It was one of those raw, early days after a breakup — the first day back at work, trying for a normal routine — and I couldn’t tell you who was struggling more: me or the packed train during rush hour.
“Ladies and gentlemen,” a voice rang out over the speakers, “we are experiencing delays with a passenger alarm activated on the train.” The train shuddered to a stop in the tunnel between stations. I glanced at the time; luckily, my anxiety makes me perpetually early to everything, including therapy. I relaxed a little and pulled up a book on my phone, feeling like the millennial version of the middle-aged woman who was reading a paperback next to me in a brown, winter-worn coat.
“How are you enjoying that book?”
I looked up to place the voice, clocked it as belonging to a dapper old man in a Harris tweed coat and matching scarf, and then saw he was speaking to the woman next to me. Instead of being irritated, she immediately engaged him, striking up a conversation about the book. I kept my gaze trained on my phone, but stopped reading to listen.
It quickly came out that neither particularly enjoyed the book in question. He got through his self-imposed 100-page requirement while on a cruise and then left it on the boat. “Better left behind for a future cruiser than chucked right into the Caribbean!” he said with a chuckle.
She’d started it three times before, and only picked it up a fourth (and final) time after hearing the author speak at the public library. I couldn’t tell if there was a spark between the two or if I was just spinning up a real-world meet-cute in my newly single state.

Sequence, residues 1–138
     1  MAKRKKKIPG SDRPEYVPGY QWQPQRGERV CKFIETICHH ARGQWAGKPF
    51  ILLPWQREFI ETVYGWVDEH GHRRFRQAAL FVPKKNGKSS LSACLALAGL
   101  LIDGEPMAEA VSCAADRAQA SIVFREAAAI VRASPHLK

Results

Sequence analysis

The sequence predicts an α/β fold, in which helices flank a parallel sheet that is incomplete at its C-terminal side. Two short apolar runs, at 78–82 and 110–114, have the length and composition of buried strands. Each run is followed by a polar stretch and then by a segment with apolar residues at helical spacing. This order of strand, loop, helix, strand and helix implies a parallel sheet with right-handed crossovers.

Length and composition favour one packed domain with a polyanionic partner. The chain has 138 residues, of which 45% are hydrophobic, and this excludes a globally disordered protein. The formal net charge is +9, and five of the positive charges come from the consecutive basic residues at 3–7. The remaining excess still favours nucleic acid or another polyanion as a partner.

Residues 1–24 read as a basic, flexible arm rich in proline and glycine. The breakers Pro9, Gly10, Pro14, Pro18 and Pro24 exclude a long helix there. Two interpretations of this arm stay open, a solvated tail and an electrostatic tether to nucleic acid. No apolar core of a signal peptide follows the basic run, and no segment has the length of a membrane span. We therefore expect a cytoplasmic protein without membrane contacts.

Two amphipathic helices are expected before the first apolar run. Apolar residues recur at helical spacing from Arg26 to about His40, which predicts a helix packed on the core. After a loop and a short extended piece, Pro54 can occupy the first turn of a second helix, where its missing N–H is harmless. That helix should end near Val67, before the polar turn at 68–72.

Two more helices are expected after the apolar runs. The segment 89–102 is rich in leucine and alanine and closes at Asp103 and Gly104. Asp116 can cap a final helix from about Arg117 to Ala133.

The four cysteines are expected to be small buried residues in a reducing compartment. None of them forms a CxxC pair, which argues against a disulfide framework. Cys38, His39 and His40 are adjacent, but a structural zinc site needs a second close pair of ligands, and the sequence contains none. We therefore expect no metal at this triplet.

“So tell me, in the end, does the third brother die?”
Before she answered, the woman turned to me, breaking the fourth wall, and asked if I was planning to read the book.
“Not after these reviews!”
All three of us laughed, and she explained the ending.
Then, just as suddenly as the train stopped, it jerked to a start, drawing us back into the big-city normal of being strangers in a crowd. The woman and I returned to our books while the man turned back to his much-younger colleague, begrudgingly humoring the kid’s bitcoin and marijuana investment shop-talk.
My daydream of new love blooming over a mediocre book on the subway was dashed. He could have asked for her number! (Do “real” adults do that?) There was chemistry — I was sure of it — but the magical suspension of subway etiquette inspired by the delay was gone too soon.
If you’d asked me earlier that morning, I’d have told you I needed the self-confidence-boost of some lingering eye contact with a hot dude reading on train more than an impromptu subway book club with people 40 years my senior. But I’d have been wrong. Real human connection was still out there, and that was uplifting enough.
Feature photo by Frederic Meylan/Sygma via Getty Images.